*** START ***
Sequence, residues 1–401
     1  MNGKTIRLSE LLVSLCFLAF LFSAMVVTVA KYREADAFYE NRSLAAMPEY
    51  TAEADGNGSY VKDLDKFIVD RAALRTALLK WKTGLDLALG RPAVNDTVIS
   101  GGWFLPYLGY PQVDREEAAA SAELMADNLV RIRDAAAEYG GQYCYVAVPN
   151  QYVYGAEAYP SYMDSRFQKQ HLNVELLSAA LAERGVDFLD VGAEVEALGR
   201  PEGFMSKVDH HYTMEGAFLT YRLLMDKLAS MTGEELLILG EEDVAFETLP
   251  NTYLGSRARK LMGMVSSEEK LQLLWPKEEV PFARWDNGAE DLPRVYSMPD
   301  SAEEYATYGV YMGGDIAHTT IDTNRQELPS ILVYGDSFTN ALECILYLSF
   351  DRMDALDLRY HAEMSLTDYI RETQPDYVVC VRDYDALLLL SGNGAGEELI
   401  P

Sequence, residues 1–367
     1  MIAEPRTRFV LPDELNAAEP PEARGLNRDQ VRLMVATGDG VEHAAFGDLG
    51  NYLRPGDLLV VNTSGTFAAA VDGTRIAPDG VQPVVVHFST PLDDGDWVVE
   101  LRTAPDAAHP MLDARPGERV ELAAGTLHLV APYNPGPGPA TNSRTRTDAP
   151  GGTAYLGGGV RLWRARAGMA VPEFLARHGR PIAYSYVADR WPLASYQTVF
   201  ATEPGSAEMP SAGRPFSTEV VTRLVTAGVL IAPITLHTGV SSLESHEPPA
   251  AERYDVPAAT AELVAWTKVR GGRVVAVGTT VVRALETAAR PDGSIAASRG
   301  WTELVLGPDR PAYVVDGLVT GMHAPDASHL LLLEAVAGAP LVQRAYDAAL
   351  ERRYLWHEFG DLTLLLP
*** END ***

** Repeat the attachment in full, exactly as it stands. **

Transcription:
Sequence, residues 1–401
     1  MNGKTIRLSE LLVSLCFLAF LFSAMVVTVA KYREADAFYE NRSLAAMPEY
    51  TAEADGNGSY VKDLDKFIVD RAALRTALLK WKTGLDLALG RPAVNDTVIS
   101  GGWFLPYLGY PQVDREEAAA SAELMADNLV RIRDAAAEYG GQYCYVAVPN
   151  QYVYGAEAYP SYMDSRFQKQ HLNVELLSAA LAERGVDFLD VGAEVEALGR
   201  PEGFMSKVDH HYTMEGAFLT YRLLMDKLAS MTGEELLILG EEDVAFETLP
   251  NTYLGSRARK LMGMVSSEEK LQLLWPKEEV PFARWDNGAE DLPRVYSMPD
   301  SAEEYATYGV YMGGDIAHTT IDTNRQELPS ILVYGDSFTN ALECILYLSF
   351  DRMDALDLRY HAEMSLTDYI RETQPDYVVC VRDYDALLLL SGNGAGEELI
   401  P

Sequence, residues 1–367
     1  MIAEPRTRFV LPDELNAAEP PEARGLNRDQ VRLMVATGDG VEHAAFGDLG
    51  NYLRPGDLLV VNTSGTFAAA VDGTRIAPDG VQPVVVHFST PLDDGDWVVE
   101  LRTAPDAAHP MLDARPGERV ELAAGTLHLV APYNPGPGPA TNSRTRTDAP
   151  GGTAYLGGGV RLWRARAGMA VPEFLARHGR PIAYSYVADR WPLASYQTVF
   201  ATEPGSAEMP SAGRPFSTEV VTRLVTAGVL IAPITLHTGV SSLESHEPPA
   251  AERYDVPAAT AELVAWTKVR GGRVVAVGTT VVRALETAAR PDGSIAASRG
   301  WTELVLGPDR PAYVVDGLVT GMHAPDASHL LLLEAVAGAP LVQRAYDAAL
   351  ERRYLWHEFG DLTLLLP